In colonial times, the German population was strong, particular in Pennsylvania where by 1790, they made up about a third of the total population. It is not surprising therefore that the English were wary of their influence in the colonies, which was particularly strong in elections such as for the Colonial Assembly (the colonial governing body), because the Germans tended to all vote for the same candidate. The Germans themselves were largely influenced by their German newspapers in the colonies, particularly Christoph Sauer's newspaper in Philadelphia, which was known for having anti-English sentiments. In fact, it seemed to have made use of a little bit of propaganda by impressing upon the Germans that the English intended to enslave them and enforce compulsory military service among their young men, much like the circumstances from which they had fled their homeland. As a result, the Germans frequently refused to serve in the army for Britain's fight against the French over Canadian territory. In turn, the English feared that the Germans were strong enough in numbers to rise up and turn Pennsylvania into a German nation, thus there was a lot of prejudice among the English against the Germans. Proposals were put forward to bar the German's from having a vote in the Assembly, during which time they would also be forced to learn English. It never happened though, and as a result, the German language prevailed in America all the way up to World War I.

Benjamin Franklin, unfairly critical of Germans
in Pennsylvania
But in colonial times, the prejudice against the Germans was so strong that even our beloved Founding Father Benjamin Franklin shared harsh, negative views of them. In a letter from him to Peter Collinson in 1753, he wrote the following:
"I am perfectly of your mind, that measures of great temper are necessary touching the Germans, and am not without apprehensions that, through their indiscretion, or ours, or both, great disorders may one day arise among us. Those who come hither are generally the most stupid of their own nation, and as ignorance is often attended with great credulity, when knavery would mislead it, and with suspicion when honesty would set it right; and few of the English understand the German language, so that they cannot address them either from the press or pulpit, it is almost impossible to remove any prejudice they may entertain. The clergy have very little influence on the people, who seem to take pleasure in abusing and discharging the minister on every trivial occasion. Not being used to liberty, they know not how to make modest use of it. They are under no restraint from ecclesiastical government; they behave however, submissively enough at present to the civil government, which I wish they may continue to do, for I remember when they modestly declined intermeddling with our elections ; but now they come in droves and carry all before them, except in one or two counties. Few of their children in the country know English. They import many books from Germany, and, of the six printing houses in the province, two are entirely German, two half German, half English, and but two are entirely English. They have one German newspaper, and one half German. Advertisements intended to be general, are now printed in Dutch, (German) and English. The signs in our streets, (Phila.,) have inscriptions in both languages, and some places only in German. They begin of late, to make all their bonds and other legal instruments in their own language, (though I think it ought not to be), are allowed good in courts, where the German business so increases, that there is continued need of interpreters, and I suppose in a few years, they will also be necessary in the Assembly, to tell one-half of our legislators, what the other half says. In short, unless the stream of importation could be turned from this to other colonies, as you very judiciously propose, they will soon outnumber us, that all the advantages we have, will, in my opinion, be not able to preserve our language, and even our government will become precarious."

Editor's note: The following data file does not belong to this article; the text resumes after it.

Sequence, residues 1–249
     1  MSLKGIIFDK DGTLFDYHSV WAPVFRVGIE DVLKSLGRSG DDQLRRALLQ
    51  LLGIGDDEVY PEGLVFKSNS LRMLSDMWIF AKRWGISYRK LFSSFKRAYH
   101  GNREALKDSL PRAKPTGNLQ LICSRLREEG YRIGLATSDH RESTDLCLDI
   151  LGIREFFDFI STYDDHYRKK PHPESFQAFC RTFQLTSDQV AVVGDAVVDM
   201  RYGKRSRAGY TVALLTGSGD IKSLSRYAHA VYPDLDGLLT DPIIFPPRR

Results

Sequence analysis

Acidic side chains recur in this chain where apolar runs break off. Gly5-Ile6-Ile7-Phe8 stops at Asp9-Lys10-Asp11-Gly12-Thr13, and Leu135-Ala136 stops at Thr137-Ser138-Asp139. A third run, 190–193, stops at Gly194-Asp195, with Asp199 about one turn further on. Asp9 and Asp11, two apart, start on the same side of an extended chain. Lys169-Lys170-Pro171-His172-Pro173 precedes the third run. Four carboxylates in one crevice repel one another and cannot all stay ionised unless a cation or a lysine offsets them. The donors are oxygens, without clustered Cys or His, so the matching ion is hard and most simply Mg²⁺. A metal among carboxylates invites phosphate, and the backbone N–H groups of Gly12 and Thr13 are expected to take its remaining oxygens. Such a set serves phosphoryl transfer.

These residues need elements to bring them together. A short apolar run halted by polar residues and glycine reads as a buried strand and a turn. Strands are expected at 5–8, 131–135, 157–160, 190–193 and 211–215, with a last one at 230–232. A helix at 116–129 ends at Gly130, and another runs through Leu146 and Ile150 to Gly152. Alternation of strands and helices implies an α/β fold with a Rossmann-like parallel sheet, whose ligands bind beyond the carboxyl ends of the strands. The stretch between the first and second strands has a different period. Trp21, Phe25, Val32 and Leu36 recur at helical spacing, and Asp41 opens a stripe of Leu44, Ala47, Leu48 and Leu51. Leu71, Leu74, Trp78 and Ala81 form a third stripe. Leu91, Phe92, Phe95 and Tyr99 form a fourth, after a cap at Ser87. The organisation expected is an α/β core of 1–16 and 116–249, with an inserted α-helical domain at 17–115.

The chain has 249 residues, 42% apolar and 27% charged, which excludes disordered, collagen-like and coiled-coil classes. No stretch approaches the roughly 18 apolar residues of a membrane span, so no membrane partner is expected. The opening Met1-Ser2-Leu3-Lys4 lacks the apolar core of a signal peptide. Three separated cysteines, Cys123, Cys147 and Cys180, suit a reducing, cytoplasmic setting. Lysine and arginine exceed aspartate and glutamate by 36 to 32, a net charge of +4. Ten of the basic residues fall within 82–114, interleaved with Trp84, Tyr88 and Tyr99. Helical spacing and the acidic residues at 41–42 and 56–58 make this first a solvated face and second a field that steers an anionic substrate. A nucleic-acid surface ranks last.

It is therefore rather ironic that not long later, many of the "English" of the colonies, who previously feared the loss of British rule to the German settlers, were now unified with them against the British in the American Revolution. With the exception of many of the pacifist Mennonites who held an indifferent stance in the conflict, the Germans were firmly on the side of the Patriots. In 1772, the German residents of Philadelphia held a significant amount of influence in business and civic matters and created an organization called The Patriotic Society of the City and County of Philadelphia. Its intent was to prepare and support what they correctly viewed to be the inevitable struggle for the colony against the British. Though it gets little mention these days and does not even have a Wikipedia page about it, its existence shows the support of the German faction of Pennsylvania in the Revolution, despite the harsh prejudice previously against them. Understanding their vast numbers in the colony proves just how important their support was for the success of the Revolution and the creation of our nation.